Johann Isidor Weinberger
Johann Isidor (Jsidor) Weinberger was born on April 4, 1838, the son of Rudolf Weinberger, a physcian. He lived at Schwindgasse 20 in Vienna, Austria, and held the title Kommerzialrat (a typical Austrian title). Weinberger first worked in Dognaczka in the Banat of Temeswar (Hungary) as an official with the provincial administration of the Hungarian National Railway Works. He was fascinated by the diversity of the minerals found in the area and began to collect them at a very young age. Eventually he was transferred to the head office of the Railway Works in Vienna.
Weinberger and his partner, Karl Wittgenstein, acquired an inactive iron mine in Bohemia and made his fortune by reopening it and selling the slag which had been discarded on the property.
An illness prevented Weinberger from working full-time, so he occupied himself with his mineral collection, expanding it until it had become one of the finest in the Empire. He was an important member of the Wiener Mineralogischen Gesellschaft (Mineralogical Society of Vienna, today Mineralogical Society of Austria) and a prominent sponsor and patron of the Natural History Museum in Vienna.
In 1906 a new mineral species (a silicate intermediate in chemical composition between pyroxene and nepheline) from an iron meteorite was named weinbergerite in his honor; however, the description was not sufficiently complete to be considered valid. It has yet to be reported from a terrestrial occurrence.
Weinberger married Mathilde Neff (1839-1918), and together they had one son, Rudolf (1870-1950), who married Maria Vornle (1880-1964).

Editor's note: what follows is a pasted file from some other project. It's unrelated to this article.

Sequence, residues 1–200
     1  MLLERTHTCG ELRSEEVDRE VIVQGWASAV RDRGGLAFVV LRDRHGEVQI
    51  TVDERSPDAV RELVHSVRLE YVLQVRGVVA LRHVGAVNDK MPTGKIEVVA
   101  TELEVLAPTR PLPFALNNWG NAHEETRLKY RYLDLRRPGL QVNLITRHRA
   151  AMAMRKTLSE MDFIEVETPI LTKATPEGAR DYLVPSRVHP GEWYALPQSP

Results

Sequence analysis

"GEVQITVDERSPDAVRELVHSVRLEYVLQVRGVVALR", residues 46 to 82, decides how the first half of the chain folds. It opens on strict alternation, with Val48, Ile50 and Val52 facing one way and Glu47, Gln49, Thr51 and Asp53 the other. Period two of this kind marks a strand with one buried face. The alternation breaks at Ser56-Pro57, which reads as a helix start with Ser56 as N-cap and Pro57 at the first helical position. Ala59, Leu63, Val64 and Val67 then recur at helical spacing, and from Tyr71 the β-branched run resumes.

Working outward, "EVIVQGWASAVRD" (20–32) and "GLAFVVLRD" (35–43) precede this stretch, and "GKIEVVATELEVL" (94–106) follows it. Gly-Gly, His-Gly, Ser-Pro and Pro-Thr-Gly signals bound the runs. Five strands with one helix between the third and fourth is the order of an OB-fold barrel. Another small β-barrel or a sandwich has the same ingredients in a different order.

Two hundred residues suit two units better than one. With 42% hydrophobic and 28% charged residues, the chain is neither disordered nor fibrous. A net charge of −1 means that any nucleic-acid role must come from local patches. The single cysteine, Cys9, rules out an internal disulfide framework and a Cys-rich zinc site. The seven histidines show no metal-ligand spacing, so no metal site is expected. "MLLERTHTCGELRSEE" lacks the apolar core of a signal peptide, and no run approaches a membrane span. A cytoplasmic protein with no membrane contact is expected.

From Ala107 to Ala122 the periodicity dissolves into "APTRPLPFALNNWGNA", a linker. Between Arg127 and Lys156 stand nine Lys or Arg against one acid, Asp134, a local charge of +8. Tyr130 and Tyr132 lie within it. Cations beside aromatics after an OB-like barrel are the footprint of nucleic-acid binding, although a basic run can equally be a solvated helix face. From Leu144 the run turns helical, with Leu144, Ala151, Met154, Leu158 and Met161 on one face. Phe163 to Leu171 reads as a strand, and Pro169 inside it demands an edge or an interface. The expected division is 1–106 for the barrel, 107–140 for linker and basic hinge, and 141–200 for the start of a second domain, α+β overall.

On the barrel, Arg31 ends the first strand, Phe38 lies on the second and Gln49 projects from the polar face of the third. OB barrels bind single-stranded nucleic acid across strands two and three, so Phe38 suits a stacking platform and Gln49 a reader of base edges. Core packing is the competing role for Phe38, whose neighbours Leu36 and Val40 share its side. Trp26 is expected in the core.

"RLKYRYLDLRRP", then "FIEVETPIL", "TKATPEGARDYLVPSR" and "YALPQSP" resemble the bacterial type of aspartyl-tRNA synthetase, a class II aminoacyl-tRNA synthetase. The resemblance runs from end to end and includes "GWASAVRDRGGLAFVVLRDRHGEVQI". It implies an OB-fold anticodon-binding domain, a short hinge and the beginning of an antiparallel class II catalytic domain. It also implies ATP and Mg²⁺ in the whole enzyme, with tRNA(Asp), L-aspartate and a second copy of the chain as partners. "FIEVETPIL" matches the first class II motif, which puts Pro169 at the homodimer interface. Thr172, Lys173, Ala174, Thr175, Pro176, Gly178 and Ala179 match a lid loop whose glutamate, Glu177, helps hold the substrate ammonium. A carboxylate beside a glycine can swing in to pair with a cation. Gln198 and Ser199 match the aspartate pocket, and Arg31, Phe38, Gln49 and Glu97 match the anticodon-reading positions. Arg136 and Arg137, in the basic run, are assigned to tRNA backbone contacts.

Rudolf Koechlin (1862-1939), who worked at the Natural History Museum in Vienna, helped Weinberger catalog his mineral collection, and most of Weinbeger's labels are in Koechlin's distinctive handwriting.
Weinberger died in Vienna, Austria on August 15, 1915. He is buried at the Zentralfriedhof ("Central Cemetery") in Vienna.
In 1925, ten years after Weinberger's death, the Viennese mineral dealer Julius Böhm (ca.1850?-1925) acquired Weinberger's mineral collection of 6,250 specimens, and divided it into portions which he sold off individually. The purported selling price was 100,000 old Austrian Schillings (equivalent to about 200,000 Euros today). Rather than prepare new labels (which would have been a massive job), Böhm stamped his own name in red ink over the original Weinberger labels. The greater part of the Weinberger collection may ultimately have found its way, directly or through other dealers, to Hans Karabacek. The Karabaceck collection was purchased in 1936 by the Harvard Mineralogical Museum.
BURGHARDT, L. (1950): Von Agricola bis Van der Nüll. Österreichische Mineraliensammler vergangener Jahrhunderte. Ein mineralogisch-historischer Rückblick. - Mitteilungen der Österreichischen Mineralogischen Gesellschaft, 11, Jg. 1948-1949, 146-151.
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[Citation format for this entry:
WILSON, Wendell E. (2018)
Biographical Archive, at www.mineralogicalrecord.com.]
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Number of labels found: 4 | Labels being viewed: 1 to 4
||A series of Weinberger labels, 43 x 58 mm each. Handwriting of Rudolf Koechlin (1862-1939).|
||44 x 59 mm; handwriting of Rudolf Koechlin (1862-1939). Simone and Peter Huber collection.|
||44 x 59 mm; Julius Bohm overstamp on Weinberger labels. Simone and Peter Huber collection.|